Mike: I’ll agree with you that the Patriots defense is going to be the bigger problem. When the Ravens last made a January visit to Foxboro, Rocca-Flocca-Flacco had a QB rating of 10.0. Also, this picture was taken of him. But more importantly, the Ravens were able to break out a 24-0 lead in the first quarter of that game despite Flacco tossing the pigskin a miraculous total of ten times, and only completing a Tebow-esque four passes.

Nick: That’s why I can’t say I’m particularly frightened of this Ravens offense outside of Ray Rice. 2011 Baltimore seems to insist on Joe Flacco throwing 30 times a game instead of handing the ball to their best player. During the regular season, the Ravens only averaged 23.6 points per game, and Flacco looked so shaky all year that he felt the need to grow a grungy Hulk Hogan mustache to seem more badass (it didn’t work).

Mike: Mustache joke #1, for those keeping track at home.

Have you compared Joe Flacco’s stat-line from 2009 to this year? Behold!

2009: 315/499, 3,613, 21 TD, 12 INT

2011: 312/542, 3,610, 20 TD, 12 INT

But Flacco could play twice as shitty this weekend as he did in 2009 and it probably wouldn’t matter. If the Pats can’t stop the run again this weekend, it won’t be pretty for them.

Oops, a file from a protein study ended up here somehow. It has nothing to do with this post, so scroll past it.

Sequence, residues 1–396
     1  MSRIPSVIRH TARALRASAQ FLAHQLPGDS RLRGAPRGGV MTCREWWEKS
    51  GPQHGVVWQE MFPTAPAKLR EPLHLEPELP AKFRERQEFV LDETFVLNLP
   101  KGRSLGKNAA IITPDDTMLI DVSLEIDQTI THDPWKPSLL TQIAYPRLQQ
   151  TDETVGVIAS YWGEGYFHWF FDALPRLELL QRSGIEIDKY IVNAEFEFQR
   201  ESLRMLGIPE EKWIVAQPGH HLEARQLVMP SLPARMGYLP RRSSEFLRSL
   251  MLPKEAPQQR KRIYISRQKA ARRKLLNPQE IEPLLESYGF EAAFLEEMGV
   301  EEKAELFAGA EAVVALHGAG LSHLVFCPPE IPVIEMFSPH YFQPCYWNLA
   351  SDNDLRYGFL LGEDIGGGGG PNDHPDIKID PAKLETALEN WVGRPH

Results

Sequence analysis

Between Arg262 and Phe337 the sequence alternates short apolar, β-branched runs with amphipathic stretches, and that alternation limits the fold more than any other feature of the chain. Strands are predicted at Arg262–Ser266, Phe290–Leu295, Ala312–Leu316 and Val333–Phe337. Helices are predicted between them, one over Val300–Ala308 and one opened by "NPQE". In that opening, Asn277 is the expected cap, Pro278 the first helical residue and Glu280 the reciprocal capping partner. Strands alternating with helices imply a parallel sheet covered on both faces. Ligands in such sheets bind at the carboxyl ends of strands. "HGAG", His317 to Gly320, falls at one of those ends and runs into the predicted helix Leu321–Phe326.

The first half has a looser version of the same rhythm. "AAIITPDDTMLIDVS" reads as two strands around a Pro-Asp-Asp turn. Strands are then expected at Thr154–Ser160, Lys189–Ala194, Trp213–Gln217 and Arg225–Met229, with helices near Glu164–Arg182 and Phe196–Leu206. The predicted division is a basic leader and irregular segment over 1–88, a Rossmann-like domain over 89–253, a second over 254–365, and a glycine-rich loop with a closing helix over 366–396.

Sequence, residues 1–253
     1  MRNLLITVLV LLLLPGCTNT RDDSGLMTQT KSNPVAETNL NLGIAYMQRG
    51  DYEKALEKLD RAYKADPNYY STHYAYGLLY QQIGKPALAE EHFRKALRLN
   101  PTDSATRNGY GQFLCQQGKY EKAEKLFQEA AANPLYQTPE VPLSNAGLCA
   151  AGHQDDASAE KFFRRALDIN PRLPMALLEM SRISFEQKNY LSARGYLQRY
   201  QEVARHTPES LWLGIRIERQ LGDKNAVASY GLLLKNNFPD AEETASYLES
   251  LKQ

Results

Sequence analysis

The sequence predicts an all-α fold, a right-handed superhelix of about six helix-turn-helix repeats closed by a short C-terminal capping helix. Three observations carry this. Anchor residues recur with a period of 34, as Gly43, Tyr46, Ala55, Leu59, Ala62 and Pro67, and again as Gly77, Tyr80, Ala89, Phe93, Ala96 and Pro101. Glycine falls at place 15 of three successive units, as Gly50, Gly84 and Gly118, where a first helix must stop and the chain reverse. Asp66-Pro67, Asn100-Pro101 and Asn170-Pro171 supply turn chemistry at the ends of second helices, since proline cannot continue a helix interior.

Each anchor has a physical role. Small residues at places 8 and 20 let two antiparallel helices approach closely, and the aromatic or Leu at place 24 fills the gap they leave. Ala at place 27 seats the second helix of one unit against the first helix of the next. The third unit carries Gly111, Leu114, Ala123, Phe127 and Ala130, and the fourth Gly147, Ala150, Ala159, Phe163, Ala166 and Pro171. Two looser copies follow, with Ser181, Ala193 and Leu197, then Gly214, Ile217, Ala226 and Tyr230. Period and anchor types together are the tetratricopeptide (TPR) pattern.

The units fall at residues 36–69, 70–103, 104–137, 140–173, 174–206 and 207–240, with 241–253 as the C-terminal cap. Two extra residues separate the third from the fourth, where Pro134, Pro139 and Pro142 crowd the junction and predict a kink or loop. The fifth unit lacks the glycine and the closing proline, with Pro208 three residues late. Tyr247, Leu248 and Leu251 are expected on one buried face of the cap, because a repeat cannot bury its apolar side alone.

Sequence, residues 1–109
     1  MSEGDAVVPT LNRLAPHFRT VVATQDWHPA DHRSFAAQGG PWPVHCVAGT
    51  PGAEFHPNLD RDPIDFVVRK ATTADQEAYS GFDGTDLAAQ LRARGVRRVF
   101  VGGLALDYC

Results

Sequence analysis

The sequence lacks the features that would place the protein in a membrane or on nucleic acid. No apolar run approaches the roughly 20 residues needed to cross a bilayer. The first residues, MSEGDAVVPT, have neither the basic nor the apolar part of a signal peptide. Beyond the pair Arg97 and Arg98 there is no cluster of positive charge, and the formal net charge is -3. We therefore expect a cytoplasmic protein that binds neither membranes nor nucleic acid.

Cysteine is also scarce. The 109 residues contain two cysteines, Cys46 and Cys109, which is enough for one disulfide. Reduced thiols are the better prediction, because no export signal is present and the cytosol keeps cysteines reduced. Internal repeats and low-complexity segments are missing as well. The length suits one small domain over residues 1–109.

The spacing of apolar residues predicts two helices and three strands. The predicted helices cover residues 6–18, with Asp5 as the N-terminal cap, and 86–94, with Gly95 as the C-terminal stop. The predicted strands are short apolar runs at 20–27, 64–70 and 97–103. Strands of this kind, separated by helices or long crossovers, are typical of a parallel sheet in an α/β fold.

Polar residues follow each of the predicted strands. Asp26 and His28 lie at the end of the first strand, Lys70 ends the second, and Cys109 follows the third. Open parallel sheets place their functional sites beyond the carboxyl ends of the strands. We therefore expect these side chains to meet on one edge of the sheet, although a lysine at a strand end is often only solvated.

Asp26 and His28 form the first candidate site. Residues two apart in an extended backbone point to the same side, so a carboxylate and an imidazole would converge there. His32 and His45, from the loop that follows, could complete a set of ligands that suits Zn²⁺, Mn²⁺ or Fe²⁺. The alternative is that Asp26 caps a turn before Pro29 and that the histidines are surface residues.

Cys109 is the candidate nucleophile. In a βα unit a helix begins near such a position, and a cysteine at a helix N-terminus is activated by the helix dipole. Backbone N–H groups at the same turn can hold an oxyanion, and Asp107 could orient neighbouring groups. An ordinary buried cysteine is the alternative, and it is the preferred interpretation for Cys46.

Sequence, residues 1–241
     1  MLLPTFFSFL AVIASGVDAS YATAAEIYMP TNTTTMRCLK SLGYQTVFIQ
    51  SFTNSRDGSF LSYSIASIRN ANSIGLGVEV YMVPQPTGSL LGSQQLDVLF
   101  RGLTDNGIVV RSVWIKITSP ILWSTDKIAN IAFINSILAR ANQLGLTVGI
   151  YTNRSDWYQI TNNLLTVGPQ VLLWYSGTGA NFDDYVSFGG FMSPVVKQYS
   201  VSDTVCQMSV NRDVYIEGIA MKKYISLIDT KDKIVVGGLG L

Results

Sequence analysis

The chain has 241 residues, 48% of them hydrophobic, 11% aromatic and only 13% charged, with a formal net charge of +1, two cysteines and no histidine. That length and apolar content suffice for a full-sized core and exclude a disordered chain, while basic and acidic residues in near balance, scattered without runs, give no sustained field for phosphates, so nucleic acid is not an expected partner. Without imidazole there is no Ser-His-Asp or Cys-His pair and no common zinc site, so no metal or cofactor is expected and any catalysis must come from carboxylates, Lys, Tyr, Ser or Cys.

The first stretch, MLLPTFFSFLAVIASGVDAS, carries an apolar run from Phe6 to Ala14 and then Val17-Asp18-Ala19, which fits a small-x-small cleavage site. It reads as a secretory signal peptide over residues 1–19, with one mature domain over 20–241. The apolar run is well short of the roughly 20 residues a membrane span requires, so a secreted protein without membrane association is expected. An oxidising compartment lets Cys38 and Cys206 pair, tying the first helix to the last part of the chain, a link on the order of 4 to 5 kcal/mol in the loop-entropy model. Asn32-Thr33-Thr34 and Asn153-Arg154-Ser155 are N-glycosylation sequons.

Nick: I look at those stat lines, and where you see identical numbers, I see completely different narratives. In ’09, Flacco threw 43 fewer passes and completed 63% of those throws, compared to a completion percentage of 57.6 this year. That’s almost as ugly as his ‘stache.

Mike: #2!

Nick: If you look at his yards per attempt, Flacco was at 7.24 in ’09, but just 6.66 for the 2011 regular season. Flacco wasn’t asked to do as much two years ago; he was just along for the ride Mark Sanchez-style. But when he was asked to make throws, he was efficient, something he can’t possibly claim this year. He has looked shaky at best, and even his own safety called him out this week for “not having a hold on the offense” and panicking in the pocket. Yikes. If the Ravens have to turn to Flacco to play catch-up, I’ll feel pretty good.

Mike: Flacco’s performance during the regular season doesn’t seem to have figured into the Ravens’ ability or inability to win games. The Ravens beat the 49ers with Flacco only throwing for 161 yards, and they lost to Seattle with Flacco putting together 255 airborne yards. On the other hand, Rice’s performance has been a keystone to the Ravens’ formula: in Ravens’ losses, Rice has rushed for 43, 28, 27, and 57 yards.

If the Ravens come through with a win, it’ll be on the ground.

Nick: Clearly Flacco isn’t the key to them winning. But the NFL is all about the quarterback, and especially going up against Tom Brady, I don’t think the Ravens can get away with some mediocre game where Flacco completes half his passes for 180 yards. He’s going to have to make some plays for them to have a chance.